Wholly aside from my own ideological inclinations, I really have a soft spot for heretics on both sides. On the national stage, I always find Christopher Hitchens, Andrew Sullivan, and Mickey Kaus difficult to categorize and therefore interesting to read.
So it’s no surprise that I’m somewhat obsessed with pro-transit conservate William Lind, above and beyond the fact that he agrees with me. The modern conservative coalition largely consists of rural interests that are never going to be pro-transit, but there’s really no good reason that urban conservatives and libertarians should be anti-rail and anti-transit*.
The effort to win this argument is an important one; the nature of the system is that parties alternate in power, and decades-long infrastructure projects can’t survive administrations that alternate between supporting and sabotaging them.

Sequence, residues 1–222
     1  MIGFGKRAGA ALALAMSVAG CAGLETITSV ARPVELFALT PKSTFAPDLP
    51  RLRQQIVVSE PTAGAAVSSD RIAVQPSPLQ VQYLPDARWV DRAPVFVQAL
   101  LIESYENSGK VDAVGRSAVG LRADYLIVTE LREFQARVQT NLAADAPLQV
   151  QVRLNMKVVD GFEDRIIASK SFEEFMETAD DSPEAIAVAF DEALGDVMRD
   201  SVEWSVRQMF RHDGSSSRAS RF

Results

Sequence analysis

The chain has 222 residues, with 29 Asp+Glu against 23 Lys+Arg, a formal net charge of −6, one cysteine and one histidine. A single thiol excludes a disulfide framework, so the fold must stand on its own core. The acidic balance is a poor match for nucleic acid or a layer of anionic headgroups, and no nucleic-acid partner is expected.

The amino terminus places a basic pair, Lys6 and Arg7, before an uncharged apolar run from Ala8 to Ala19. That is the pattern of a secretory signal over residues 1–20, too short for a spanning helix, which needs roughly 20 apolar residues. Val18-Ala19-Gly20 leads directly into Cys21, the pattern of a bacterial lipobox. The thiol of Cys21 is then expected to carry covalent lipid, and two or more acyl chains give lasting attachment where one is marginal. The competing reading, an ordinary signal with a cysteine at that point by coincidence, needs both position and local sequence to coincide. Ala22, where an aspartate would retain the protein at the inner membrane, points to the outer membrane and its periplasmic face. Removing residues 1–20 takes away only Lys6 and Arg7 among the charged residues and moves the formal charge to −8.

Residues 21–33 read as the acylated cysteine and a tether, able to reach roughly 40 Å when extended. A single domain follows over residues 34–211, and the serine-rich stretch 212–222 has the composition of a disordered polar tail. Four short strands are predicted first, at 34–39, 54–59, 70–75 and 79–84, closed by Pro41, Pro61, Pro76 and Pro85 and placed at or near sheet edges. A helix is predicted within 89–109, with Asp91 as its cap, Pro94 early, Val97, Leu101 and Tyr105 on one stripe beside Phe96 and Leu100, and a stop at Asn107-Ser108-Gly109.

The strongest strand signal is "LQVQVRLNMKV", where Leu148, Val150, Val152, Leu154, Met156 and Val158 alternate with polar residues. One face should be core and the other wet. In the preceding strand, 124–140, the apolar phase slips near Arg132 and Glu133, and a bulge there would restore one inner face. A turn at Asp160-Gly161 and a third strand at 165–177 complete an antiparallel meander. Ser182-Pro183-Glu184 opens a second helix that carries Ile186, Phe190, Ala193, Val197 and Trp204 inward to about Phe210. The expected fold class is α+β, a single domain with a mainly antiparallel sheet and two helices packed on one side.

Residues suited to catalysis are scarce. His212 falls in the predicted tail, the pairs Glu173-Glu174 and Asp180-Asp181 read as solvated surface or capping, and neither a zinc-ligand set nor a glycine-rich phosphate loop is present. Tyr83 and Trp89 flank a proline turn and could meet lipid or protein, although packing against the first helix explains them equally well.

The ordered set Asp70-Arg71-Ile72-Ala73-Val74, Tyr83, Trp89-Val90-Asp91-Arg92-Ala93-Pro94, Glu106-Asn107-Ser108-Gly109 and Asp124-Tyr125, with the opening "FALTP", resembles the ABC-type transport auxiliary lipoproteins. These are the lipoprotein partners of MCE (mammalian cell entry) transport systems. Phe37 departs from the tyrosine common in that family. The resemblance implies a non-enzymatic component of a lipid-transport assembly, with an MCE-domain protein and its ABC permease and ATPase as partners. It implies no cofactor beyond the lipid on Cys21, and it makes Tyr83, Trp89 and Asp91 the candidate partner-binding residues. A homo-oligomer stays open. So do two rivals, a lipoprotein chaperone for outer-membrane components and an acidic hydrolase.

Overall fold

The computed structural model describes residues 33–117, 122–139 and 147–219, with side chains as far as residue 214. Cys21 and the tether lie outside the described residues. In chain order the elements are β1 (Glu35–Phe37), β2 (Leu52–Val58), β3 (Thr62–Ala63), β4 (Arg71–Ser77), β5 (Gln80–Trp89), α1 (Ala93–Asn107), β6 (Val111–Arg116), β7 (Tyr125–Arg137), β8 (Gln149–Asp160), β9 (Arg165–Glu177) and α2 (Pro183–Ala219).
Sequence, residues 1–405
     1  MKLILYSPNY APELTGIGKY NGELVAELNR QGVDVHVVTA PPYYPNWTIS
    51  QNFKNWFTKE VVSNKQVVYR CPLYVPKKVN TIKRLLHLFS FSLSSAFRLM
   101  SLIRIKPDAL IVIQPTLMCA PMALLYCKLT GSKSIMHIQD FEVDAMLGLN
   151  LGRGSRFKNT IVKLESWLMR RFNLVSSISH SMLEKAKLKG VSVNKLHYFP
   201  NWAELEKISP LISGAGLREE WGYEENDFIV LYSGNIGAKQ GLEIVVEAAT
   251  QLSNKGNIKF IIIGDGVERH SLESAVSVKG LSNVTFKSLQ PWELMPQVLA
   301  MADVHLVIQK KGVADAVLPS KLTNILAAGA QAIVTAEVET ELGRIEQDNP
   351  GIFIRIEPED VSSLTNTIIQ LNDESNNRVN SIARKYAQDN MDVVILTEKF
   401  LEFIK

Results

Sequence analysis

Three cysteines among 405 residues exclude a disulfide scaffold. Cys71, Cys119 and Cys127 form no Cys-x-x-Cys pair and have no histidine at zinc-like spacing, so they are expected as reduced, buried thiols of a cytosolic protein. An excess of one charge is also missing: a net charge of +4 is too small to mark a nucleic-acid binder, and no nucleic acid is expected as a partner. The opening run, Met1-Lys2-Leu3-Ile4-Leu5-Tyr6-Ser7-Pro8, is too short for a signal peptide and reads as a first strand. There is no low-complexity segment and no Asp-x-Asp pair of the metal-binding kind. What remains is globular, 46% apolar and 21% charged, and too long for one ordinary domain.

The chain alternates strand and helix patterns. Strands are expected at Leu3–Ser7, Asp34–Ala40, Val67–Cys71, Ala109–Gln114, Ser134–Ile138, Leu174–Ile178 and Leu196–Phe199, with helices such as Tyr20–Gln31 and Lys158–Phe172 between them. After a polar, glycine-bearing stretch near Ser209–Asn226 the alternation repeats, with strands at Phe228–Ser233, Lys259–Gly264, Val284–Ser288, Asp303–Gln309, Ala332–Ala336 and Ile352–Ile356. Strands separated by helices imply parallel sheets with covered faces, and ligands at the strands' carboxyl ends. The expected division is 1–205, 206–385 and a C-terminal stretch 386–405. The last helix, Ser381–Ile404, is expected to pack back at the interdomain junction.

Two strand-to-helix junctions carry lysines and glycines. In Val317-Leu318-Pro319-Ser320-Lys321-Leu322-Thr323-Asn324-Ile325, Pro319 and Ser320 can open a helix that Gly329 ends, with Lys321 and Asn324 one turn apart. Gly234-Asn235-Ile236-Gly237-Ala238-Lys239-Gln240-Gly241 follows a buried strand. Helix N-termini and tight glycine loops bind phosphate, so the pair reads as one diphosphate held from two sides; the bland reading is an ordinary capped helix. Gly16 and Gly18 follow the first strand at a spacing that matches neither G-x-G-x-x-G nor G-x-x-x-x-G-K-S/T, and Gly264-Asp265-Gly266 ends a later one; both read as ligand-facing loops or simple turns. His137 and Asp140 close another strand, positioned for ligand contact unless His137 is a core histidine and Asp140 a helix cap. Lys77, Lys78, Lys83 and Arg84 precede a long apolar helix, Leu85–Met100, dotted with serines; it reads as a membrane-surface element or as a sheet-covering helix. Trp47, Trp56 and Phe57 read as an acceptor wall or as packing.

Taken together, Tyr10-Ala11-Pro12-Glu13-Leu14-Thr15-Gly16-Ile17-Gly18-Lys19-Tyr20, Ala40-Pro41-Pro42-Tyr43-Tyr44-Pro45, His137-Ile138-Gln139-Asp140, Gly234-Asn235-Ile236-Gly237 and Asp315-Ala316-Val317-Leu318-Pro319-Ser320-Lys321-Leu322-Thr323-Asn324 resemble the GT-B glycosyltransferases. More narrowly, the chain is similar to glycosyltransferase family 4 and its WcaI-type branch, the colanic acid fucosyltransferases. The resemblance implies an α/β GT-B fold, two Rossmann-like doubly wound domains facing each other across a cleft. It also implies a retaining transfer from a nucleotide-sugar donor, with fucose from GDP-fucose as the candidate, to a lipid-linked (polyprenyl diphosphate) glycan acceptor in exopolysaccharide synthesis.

See also this recollection of Lind’s coauthor, the late Paul Weyrich.
*I fear Lind’s comparison of rail and road subsidies may not be apples-to-apples (are capital costs in that highway figure?), but without easy sourcing it’s hard to say. On the other hand, things like wide arterials, density restrictions and parking mandates are undoubtedly car subsidies but don’t show up in his figures.